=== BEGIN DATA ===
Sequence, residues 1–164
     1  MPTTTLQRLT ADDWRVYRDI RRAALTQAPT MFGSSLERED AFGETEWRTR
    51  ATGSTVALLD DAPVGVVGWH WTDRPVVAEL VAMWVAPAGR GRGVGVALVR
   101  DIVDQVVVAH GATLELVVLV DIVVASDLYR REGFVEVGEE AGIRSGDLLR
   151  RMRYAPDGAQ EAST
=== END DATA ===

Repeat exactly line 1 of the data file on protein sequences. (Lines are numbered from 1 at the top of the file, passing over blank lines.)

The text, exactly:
Sequence, residues 1–164